Custom network rack

Data center technology is changing all the time, and people must stay on top of new technology as it comes out. For instance, a wide variety of racks are available for your servers and networking gear. Two of these options are 2-post and 4-post racks. You must learn their differences when trying to get the right rack for your data center. Check out our list of the pros and cons of 2-post racks and 4-post racks.

2-Post Racks

The 2-post rack also goes by the name relay rack since it has two vertical upright support beams. Most people use them for light IT equipment, including things like switches and patch panels. However, it’s not ideal for heavier equipment, like full servers. You need to bolt your 2-post rack in place for stability purposes.

Since 2-post racks aren’t enclosed, your equipment gets a ton of airflow. That means that fans in the equipment can circulate heat out into the open air. They also take up very little space, which is important when there isn’t much floor space available. Finally, you can easily access all the equipment you’ve mounted in the rack. Unfortunately, they don’t have as much protection as 4-post racks, so if someone bumps into it, they could do some damage.

4-Post Racks

4-post custom network racks are far more stable since they have four posts. Most have perforated doors in the front and back for better ventilation and access. Since they’re usually more rigid, they can hold much more weight than their 2-post counterparts. Given that an enclosed rack surrounds your equipment, it doesn’t face damage as easily, and it’s less likely that a cord will be disconnected or a component inside of the rack will be damaged. However, it can take up more space than a 2-post rack.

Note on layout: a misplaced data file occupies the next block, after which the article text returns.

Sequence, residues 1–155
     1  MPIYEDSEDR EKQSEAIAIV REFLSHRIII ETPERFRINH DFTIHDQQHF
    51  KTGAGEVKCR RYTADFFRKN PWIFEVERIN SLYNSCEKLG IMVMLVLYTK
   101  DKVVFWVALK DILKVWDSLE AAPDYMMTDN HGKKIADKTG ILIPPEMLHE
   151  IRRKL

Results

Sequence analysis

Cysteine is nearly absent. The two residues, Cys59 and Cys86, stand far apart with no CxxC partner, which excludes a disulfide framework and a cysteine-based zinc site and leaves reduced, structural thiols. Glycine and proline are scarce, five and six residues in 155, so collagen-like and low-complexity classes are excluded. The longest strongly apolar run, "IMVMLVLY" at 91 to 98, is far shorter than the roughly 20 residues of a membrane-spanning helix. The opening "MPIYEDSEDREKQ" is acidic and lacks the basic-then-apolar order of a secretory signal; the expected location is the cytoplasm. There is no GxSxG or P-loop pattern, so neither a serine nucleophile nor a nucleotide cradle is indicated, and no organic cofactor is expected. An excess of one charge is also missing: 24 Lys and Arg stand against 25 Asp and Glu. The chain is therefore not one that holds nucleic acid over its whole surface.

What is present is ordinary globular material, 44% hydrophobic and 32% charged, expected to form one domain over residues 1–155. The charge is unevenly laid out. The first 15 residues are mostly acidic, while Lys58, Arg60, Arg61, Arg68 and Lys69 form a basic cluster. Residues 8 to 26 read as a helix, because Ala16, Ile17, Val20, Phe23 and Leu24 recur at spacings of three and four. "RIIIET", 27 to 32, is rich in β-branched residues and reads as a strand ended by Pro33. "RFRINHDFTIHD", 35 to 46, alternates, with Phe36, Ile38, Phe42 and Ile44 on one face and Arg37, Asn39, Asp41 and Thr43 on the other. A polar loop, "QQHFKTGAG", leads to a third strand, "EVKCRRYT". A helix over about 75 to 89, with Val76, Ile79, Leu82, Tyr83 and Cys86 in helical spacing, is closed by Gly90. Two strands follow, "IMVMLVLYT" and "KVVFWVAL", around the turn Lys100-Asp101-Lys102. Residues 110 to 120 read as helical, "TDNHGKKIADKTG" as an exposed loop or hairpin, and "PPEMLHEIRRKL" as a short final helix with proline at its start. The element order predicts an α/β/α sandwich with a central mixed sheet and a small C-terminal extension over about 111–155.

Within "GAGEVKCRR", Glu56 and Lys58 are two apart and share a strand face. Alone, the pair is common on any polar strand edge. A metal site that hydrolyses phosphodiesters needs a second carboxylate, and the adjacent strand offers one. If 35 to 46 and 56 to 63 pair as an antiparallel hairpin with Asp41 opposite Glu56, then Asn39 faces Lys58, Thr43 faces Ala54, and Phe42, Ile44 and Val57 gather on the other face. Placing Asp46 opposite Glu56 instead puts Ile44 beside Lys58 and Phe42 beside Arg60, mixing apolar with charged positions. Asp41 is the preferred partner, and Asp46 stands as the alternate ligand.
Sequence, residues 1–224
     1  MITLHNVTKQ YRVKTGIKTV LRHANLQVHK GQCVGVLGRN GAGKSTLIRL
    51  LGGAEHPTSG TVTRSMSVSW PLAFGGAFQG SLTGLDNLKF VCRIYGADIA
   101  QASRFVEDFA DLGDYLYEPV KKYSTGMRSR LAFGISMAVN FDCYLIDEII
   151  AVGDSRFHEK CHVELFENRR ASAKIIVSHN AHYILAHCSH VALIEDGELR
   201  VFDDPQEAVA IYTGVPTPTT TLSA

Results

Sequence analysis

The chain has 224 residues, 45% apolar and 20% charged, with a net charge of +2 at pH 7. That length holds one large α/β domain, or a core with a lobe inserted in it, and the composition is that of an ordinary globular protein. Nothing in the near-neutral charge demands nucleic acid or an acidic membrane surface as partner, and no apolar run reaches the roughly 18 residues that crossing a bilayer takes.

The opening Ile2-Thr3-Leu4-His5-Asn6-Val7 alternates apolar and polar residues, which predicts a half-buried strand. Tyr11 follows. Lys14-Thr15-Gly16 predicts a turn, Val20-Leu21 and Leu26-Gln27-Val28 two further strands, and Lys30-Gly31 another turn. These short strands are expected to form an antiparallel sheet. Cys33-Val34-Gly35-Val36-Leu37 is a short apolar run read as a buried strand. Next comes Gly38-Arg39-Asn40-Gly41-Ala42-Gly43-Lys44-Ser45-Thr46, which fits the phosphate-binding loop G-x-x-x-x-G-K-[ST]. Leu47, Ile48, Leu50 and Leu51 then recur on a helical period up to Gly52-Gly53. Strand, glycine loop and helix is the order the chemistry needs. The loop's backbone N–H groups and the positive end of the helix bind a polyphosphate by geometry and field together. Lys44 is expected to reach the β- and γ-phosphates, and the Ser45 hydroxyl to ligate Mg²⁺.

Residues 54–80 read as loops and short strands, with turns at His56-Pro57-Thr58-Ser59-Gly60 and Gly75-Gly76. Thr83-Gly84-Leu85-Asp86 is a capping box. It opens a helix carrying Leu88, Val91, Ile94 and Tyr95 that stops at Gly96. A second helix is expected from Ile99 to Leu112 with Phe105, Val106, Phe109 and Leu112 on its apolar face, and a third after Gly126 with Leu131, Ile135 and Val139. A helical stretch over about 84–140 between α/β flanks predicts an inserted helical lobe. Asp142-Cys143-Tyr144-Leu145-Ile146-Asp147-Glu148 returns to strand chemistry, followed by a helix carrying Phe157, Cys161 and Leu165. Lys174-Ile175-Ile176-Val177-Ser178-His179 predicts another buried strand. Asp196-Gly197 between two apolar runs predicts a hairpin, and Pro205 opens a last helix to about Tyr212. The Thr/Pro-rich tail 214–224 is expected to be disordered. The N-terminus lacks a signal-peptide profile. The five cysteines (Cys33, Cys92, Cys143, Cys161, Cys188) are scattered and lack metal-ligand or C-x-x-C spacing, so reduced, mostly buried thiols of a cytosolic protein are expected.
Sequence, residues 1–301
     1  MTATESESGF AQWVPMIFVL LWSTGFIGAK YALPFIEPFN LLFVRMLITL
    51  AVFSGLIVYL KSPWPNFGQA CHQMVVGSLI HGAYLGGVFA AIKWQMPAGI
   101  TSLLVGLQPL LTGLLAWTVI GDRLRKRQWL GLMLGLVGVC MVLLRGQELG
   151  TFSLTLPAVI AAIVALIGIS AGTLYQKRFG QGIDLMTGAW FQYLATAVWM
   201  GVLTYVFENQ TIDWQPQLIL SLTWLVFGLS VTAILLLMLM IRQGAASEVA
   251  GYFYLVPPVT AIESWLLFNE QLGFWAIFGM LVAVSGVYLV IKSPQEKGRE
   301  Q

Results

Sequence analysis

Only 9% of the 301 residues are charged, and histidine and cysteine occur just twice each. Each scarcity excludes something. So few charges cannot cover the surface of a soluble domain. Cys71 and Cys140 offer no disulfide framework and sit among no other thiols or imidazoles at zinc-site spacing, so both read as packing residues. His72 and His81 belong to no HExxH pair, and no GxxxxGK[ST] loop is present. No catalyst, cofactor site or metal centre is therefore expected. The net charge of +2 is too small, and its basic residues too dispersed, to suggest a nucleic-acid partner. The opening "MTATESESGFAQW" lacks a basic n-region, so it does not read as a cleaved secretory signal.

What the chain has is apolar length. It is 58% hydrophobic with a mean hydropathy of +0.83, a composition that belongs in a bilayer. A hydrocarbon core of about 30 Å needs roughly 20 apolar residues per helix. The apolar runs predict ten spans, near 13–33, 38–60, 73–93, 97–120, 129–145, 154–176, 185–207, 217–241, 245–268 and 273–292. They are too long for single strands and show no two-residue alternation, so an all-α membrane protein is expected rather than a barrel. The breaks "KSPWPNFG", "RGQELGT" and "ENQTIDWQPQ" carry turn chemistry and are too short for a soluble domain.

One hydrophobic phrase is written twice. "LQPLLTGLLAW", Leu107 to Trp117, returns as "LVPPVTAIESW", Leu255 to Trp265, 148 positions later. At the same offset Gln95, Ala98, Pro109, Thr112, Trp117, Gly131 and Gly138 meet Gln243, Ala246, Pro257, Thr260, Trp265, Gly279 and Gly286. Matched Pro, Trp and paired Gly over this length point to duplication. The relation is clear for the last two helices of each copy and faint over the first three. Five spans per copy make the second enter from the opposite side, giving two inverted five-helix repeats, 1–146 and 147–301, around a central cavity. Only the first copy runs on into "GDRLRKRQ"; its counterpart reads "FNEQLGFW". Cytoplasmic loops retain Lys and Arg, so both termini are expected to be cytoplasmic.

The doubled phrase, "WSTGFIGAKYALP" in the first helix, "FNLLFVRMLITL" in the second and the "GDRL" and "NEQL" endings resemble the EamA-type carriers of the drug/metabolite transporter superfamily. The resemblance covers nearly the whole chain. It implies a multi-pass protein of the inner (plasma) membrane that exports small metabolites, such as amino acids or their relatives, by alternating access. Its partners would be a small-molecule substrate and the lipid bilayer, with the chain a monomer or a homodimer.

Which Is Best?

When weighing the pros and cons of 2-post racks and 4-post racks, know that neither is better than the other. They can each help you depending on what you’re looking for in the layout of your data center. If you don’t have a lot of space, you might want to consider 2-post racks. If you have more space in your data center, use the 4-post version. Of course, most data centers incorporate both, which is also a solid strategy.

If you’re interested in stocking up on data racks and cabinets, check out AMCO Enclosures! We’ll help you find the right data center cabinets and racks for your needs.